PATCHOGUE, N.Y. – A new resolution will be considered by the Public Works, Transportation, and Energy Committee to install Electric Vehicle Charging (EVC) Stations at Suffolk County Properties. Introductory Resolution 1891 was introduced by Deputy Presiding Officer Rob Calarco and he is urging his colleagues to approve the measure. The bill directs the Suffolk County Department of Public Works to conduct a feasibility study into installing Level 2 Charging Stations at 10 County Properties. The study will be used by the Legislature to making funding determinations for potential EVC stations around the County.
“One of the ways that Suffolk County can reduce its carbon footprint is by making it easier for our residents to use electric vehicles, which produce far less CO2 emissions than conventional cars,” said Deputy Presiding Officer Rob Calarco. “It has been shown that when the infrastructure is put in place, people are more likely to adopt electric cars and that is our goal. We want to increase the adoption of this really important technology.”
Currently, 42% of US Energy-related carbon dioxide comes from petroleum. Suffolk County has traditionally been heavily reliant on the use of Conventional vehicles that use internal combustion engines. Cars are the primary mode of transportation for the vast majority of Suffolk County residents. Hybrid electric vehicles, Plug-in hybrid electric vehicles, and all electric vehicles typically produce 50% less in tailpipe emissions than conventional vehicles. Adoption of EVC stations has been primarily led by private companies and are located at private retail locations in Suffolk County. However, there are large gaps in availability and many EVC are at inconvenient locations that have prevented electric vehicles from being a viable alternative to conventional vehicles.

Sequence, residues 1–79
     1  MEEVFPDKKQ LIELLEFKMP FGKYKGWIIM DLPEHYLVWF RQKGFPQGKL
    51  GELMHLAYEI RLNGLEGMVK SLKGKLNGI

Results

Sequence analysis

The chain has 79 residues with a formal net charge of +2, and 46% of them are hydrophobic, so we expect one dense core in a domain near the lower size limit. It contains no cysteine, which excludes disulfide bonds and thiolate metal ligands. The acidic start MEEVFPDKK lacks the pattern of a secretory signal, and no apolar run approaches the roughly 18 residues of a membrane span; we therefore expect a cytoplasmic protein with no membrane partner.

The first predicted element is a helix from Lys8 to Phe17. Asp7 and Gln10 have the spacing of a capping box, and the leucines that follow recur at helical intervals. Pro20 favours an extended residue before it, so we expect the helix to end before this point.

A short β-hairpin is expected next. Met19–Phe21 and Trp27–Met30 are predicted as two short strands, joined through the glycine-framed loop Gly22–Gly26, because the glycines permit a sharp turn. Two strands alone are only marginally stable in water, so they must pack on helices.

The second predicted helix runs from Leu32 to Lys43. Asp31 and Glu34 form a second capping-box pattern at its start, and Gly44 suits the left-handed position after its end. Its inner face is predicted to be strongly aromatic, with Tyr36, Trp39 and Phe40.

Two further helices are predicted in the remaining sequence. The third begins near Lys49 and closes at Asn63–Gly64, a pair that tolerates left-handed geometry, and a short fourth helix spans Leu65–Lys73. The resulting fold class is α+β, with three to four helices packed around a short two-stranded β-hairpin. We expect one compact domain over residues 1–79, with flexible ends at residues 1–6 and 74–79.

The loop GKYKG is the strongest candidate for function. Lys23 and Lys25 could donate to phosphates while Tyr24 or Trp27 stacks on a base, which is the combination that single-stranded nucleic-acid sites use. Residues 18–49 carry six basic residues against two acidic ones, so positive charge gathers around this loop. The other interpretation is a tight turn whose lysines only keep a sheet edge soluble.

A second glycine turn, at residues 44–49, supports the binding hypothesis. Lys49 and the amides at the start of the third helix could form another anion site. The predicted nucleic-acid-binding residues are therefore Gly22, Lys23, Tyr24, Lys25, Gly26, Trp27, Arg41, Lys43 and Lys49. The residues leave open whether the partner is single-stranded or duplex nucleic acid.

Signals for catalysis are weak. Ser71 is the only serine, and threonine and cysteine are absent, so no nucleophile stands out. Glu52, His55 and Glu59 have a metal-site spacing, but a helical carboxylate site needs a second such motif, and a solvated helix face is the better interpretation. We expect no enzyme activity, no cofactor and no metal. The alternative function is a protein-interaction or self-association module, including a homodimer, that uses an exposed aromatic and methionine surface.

“Suffolk County properties are everywhere that people are and that puts the County in a unique position to be able provide the early infrastructure in the places that make the most sense,” added Calarco. “Whether it’s our County parks or train stations owned by the County or just some of our County facilities near our downtowns, these are the perfect locations to place EVC stations.”
Level 2 EVC technology allows electric vehicles to recharge over a few hours, rather than the overnight charging that many owners use at their homes with Level 1 EVC. Superchargers, sometimes called Level 3 EVC, are proprietary and can generally only be used by particular vehicles. Level 2 EVC have a standard design that can be utilized by a great portion of electric vehicles.
The resolution will be voted on by the Public Works, Transportation, and Energy Committee at their November 18th meeting. Should it be approved, it will go to a vote by the full Legislature on November 26th. Calarco says that he intends to introduce further legislation to have EVC stations installed at County properties based on the feasibility study from Suffolk County DPW. The study is due 180 days from the effective date of the resolution.